Peter Arbenz: Catalogue data in Spring Semester 2018
|Name||Prof. em. Peter Arbenz|
|Relationship||Retired Adjunct Professor|
|252-0504-00L||Numerical Methods for Solving Large Scale Eigenvalue Problems |
The course will be offered for the last time.
|4 credits||3G||P. Arbenz|
|Abstract||In this lecture algorithms are investigated for solving eigenvalue problems|
with large sparse matrices. Some of these eigensolvers have been developed
only in the last few years. They will be analyzed in theory and practice (by means
of MATLAB exercises).
|Objective||Knowing the modern algorithms for solving large scale eigenvalue problems, their numerical behavior, their strengths and weaknesses.|
|Content||The lecture starts with providing examples for applications in which|
eigenvalue problems play an important role. After an introduction
into the linear algebra of eigenvalue problems, an overview of
methods (such as the classical QR algorithm) for solving small to
medium-sized eigenvalue problems is given.
Afterwards, the most important algorithms for solving large scale,
typically sparse matrix eigenvalue problems are introduced and
analyzed. The lecture will cover a choice of the following topics:
* vector and subspace iteration
* trace minimization algorithm
* Arnoldi and Lanczos algorithms (including restarting variants)
* Davidson and Jacobi-Davidson Algorithm
* preconditioned inverse iteration and LOBPCG
* methods for nonlinear eigenvalue problems
In the exercises, these algorithm will be implemented (in simplified forms)
and analysed in MATLAB.
|Lecture notes||Lecture notes, |
Copies of slides
|Literature||Z. Bai, J. Demmel, J. Dongarra, A. Ruhe, and H. van der Vorst: Templates for the Solution of Algebraic Eigenvalue Problems: A Practical Guide. SIAM, Philadelphia, 2000.|
Y. Saad: Numerical Methods for Large Eigenvalue Problems. Manchester University Press, Manchester, 1994.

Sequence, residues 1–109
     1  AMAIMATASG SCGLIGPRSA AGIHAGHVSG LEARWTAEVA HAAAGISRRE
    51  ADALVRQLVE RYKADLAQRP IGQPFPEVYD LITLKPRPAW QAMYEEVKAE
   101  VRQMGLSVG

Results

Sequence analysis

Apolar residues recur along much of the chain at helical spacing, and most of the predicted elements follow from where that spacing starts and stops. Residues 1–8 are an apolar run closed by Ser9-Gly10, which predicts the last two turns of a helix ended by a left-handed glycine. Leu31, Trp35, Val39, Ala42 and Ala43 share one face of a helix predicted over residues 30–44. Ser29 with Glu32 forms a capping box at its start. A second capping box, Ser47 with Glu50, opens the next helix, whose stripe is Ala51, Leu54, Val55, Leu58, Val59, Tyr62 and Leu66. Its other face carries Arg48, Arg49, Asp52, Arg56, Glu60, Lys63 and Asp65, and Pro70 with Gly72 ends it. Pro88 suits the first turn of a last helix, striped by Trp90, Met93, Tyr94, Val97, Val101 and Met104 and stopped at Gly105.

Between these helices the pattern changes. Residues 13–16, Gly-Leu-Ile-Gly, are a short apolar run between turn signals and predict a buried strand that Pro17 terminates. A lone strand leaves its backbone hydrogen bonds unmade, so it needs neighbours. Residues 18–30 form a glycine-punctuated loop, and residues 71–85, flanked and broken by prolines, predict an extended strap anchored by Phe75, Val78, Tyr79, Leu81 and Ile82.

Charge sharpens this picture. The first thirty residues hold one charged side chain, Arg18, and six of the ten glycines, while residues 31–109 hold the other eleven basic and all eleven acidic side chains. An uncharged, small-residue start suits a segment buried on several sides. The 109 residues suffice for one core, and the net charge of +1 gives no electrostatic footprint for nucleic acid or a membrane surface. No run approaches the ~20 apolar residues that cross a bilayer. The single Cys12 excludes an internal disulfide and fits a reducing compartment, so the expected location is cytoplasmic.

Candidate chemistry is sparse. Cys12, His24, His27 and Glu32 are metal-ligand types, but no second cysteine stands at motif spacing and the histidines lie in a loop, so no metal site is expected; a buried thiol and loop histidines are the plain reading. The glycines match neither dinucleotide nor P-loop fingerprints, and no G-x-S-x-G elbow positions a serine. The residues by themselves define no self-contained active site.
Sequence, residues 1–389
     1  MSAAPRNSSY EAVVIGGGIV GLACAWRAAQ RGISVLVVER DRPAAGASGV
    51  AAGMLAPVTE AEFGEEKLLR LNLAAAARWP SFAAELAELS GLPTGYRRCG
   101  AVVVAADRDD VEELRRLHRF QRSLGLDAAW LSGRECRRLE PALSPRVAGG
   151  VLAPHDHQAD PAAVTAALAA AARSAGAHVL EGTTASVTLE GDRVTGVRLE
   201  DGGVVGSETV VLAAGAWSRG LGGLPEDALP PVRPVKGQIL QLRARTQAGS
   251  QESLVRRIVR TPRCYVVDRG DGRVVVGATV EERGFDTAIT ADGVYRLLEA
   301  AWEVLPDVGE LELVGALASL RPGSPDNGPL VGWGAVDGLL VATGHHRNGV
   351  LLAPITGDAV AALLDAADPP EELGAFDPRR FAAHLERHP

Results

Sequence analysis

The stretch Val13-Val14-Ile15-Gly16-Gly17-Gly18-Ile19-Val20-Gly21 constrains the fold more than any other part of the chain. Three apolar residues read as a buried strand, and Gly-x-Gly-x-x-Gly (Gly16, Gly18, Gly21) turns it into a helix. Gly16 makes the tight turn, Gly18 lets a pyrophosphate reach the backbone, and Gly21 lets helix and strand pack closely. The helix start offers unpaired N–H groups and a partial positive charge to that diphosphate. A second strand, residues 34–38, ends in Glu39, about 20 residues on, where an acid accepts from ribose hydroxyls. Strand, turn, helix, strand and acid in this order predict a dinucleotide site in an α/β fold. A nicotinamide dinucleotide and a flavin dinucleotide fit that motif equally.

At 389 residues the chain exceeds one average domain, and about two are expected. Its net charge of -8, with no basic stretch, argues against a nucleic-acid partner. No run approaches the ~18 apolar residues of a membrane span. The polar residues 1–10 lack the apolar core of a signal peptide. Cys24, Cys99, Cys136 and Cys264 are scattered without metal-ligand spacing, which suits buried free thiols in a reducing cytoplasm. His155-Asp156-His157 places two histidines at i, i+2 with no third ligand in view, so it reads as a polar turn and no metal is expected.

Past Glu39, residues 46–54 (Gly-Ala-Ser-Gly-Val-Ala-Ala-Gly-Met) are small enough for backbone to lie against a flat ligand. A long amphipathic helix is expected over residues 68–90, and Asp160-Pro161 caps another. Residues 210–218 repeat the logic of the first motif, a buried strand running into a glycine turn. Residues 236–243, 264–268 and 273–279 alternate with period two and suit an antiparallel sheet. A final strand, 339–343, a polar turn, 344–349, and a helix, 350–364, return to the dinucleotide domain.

G. H. Golub and Ch. van Loan: Matrix Computations, 3rd ed. Johns Hopkins University Press, Baltimore 1996.
|Prerequisites / Notice||Prerequisite: linear agebra|
Takes place for the last time.
|2 credits||2S||P. Arbenz, P. Chatzidoukas|
|Abstract||Class participants study and make a 40 minute presentation (in English) on fundamental papers of Computational Science. A preliminary discussion of the talk (structure, content, methodology) with the responsible professor is required. The talk has to be given in a way that the other seminar participants can understand it and learn from it. Participation throughout the semester is mandatory.|
|Objective||Studying and presenting fundamental works of Computational Science. Learning how to make a scientific presentation.|
|Content||Class participants study and make a 40 minute presentation (in English) on fundamental papers of Computational Science. A preliminary discussion of the talk (structure, content, methodology) with the responsible professor is required. The talk has to be given in a way that the other seminar participants can understand it and learn from it. Participation throughout the semester is mandatory.|
|Literature||Papers will be distributed in the first seminar in the first week of the semester|